Tag Archives: bread

Day Thirty Seven! Or What have I been doing for the last month?

Wow!  Has it already been a month since my last post?  I guess time really does fly when you’re having fun.  That’s what they say at least.

In the last month my sourdough starter has blossomed wonderfully and I have made several batches of sourdough bread with it.  Some just came out of the oven earlier tonight and I have another batch sitting in the bowl proofing over night.

I am of the over night proof school.  I know there are several people that say you don’t have to do this.  You can just let it sit for a few hours and then bake it off.  I like letting it set over night.  That way when I get the urge to make some bread and it’s almost bed time I can just take a few minutes to mix it up and bake it tomorrow.

I have been using a recipe I found online and will post below.  Until tonight I had been kneading the dough before letting it bulk proof.  Tonight I have decided to just mix it enough to get the ingredients incorporated and then knead tomorrow before shaping and final proofing. I am hoping that this will give me a smoother more finely textured sourdough that isn’t as tough as what I have been getting.  Either way I will let you know.

Since my last post I have also, finally, found a job.  It’s not a great job and it’s not even full time but it is a job.  With my unemployment scheduled to run out at the end of March it couldn’t have come at a better time.  I’m not going to tell you where I work just that it’s one of the big box stores.  I am an overnight stocker.  So four days a week from 10 pm to 7 am I get to open cases of stuff and put it on the shelves so all you crazy little shoppers can come in the next day and mess up my pretty shelves by putting stuff you changed your mind about back on some random shelf in the wrong aisle where it doesn’t belong.

But hey it’s job security.  So you keep messing up my shelves.  It’s ok.  But please if you change your mind on something refrigerated please at least put it back on a refrigerated shelf.  Anything we find that isn’t we take a loss on.  That means your prices go up.  So save us all some money and put it back somewhere cold.  Please and thank you.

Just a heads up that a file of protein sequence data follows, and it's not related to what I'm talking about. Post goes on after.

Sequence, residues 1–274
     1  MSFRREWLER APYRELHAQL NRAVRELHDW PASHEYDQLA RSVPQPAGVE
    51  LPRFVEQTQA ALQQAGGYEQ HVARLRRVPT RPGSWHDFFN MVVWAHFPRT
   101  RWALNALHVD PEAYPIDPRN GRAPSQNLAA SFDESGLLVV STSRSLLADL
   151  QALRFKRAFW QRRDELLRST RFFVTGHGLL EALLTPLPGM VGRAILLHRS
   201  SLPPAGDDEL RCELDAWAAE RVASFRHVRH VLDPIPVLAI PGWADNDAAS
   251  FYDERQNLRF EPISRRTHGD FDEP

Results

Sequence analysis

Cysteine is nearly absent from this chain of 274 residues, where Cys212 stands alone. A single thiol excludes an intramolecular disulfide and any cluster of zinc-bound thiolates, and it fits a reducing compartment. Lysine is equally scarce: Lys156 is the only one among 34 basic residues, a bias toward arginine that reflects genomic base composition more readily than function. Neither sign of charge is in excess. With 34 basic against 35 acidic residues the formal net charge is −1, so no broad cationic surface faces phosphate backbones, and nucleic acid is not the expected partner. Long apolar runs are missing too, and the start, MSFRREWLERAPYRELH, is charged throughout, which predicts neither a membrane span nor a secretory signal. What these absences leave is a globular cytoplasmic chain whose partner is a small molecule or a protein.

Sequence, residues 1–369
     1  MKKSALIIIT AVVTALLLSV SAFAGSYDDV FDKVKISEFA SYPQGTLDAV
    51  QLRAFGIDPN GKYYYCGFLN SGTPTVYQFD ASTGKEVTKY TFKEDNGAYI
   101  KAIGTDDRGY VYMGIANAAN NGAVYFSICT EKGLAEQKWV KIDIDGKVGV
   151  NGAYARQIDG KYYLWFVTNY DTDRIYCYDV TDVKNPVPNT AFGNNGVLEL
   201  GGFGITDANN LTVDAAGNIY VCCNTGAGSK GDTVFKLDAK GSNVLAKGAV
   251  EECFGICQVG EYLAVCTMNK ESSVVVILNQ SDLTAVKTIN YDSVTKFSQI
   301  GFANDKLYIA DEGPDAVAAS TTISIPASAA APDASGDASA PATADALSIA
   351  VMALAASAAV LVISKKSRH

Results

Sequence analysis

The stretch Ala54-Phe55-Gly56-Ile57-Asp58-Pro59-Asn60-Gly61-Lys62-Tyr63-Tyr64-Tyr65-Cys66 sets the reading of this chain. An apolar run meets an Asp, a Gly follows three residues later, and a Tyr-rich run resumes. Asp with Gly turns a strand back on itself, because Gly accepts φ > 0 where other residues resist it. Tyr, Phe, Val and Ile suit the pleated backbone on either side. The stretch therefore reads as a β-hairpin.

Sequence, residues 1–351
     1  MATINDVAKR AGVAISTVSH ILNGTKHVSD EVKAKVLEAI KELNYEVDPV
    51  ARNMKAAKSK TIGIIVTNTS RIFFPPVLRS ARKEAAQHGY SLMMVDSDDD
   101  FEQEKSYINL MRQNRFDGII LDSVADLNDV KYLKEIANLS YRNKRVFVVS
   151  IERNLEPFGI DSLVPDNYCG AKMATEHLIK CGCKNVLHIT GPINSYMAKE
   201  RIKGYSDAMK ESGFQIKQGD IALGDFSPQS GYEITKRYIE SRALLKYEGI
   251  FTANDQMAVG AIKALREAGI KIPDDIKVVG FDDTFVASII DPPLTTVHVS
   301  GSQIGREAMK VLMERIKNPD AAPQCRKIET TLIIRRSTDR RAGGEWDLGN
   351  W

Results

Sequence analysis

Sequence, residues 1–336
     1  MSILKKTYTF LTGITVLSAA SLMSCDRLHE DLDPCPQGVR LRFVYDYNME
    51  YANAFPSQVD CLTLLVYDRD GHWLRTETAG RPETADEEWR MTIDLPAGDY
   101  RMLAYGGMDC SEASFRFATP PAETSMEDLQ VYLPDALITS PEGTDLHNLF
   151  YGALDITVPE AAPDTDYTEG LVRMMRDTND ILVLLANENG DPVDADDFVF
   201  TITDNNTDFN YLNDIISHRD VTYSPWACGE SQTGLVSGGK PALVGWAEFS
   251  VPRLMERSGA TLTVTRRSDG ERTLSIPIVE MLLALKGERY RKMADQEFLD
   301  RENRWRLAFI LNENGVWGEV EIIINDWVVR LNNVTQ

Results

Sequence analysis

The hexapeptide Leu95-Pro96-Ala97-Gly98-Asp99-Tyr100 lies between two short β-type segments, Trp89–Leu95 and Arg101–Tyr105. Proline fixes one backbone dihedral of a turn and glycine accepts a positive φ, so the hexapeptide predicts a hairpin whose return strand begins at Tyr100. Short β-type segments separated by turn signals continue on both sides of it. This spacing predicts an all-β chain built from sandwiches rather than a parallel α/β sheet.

Also this last month I opened a jar of my giardiniera.  I have to say that it is by far my favorite thing I’ve canned.  The two best things in it are the mushrooms and the red bell pepper.  Oh so yummy.  I will be making this again when I run out.

I also made Pineapple Orange Guava jelly.  As my roommate says, mouthgasm.  I haven’t had any, on say a pb&j sammich or in my yogurt, other than just the foam that I skimmed off the top.  But that was so yummy good I can’t wait to have more.  However, I’m being good and not cracking a jar until the Peach Orange Mango I already opened is gone.  I am NOT going to have a fridge full of jars and no room for anything else.

I just made my own mustard yesterday/today too.  It is so much better than any store bought stuff I have ever had.  I was raised on that nasty French’s yellow stuff that was so cheap in the store and I can’t stand.  If that’s all we have I will refuse anything that normally I’d put mustard on.  No hotdogs, no deli meat sammiches.  Nothing.

It’s a rather spicy beer horseradish mustard that I, again, got off the interwebs here.  It’s also amazingly easy to make.  Just soak the seeds over night, or in my case about 7 hours while I slept, then blend in the blender.  I am going to have to get an immersion blender one of these days.  Hopefully sooner rather than later.

I like my mustard a bit grainy, my roommate does not.  Too bad for him.  I’m making it so I get to decide the final consistency not him.  So it sits in my fridge waiting to mature a bit more.  I had some tonight anyway.  I’m not known for my ability to wait for these kinds of things.  I already have lots of ideas for other mustards, red wine, garlic and rosemary sounds really good right about now.

I have also been given an idea for a logo/header finally.  I’ve been asking for it for a while now and finally got the idea but not the execution.  S’ok though because I know how to use Photoshop and Illustrator too.  So look for that in the next day or week.

Sourdough Bread from starter

Get this:

  • 1 cup starter
  • 1 1/2 cups warm water
  • 1 1/2 tsp salt
  • 1/2 cup sugar
  • 1/2 cup oil
  • 6 cups flour

Do this:

  1. Combine starter, water, salt, sugar, and oil in a large bowl. Sift, or don’t, the 6 cups of flour into the other stuff and mix to combine into a well blended dough. No little bits of flour or anything else should be left unincorporated. Place the dough in an oiled bowl, cover with a damp cloth, and let rise over night.
  2. Tomorrow, turn the dough out onto a lightly floured surface and knead for 10 minutes. Cut it in half and either place into 2 greased 4 x 8 loaf pans or roll into slightly flat balls. (I will be recording a video and posting it to the YouTubes on how to do this.) Let rise until double in size.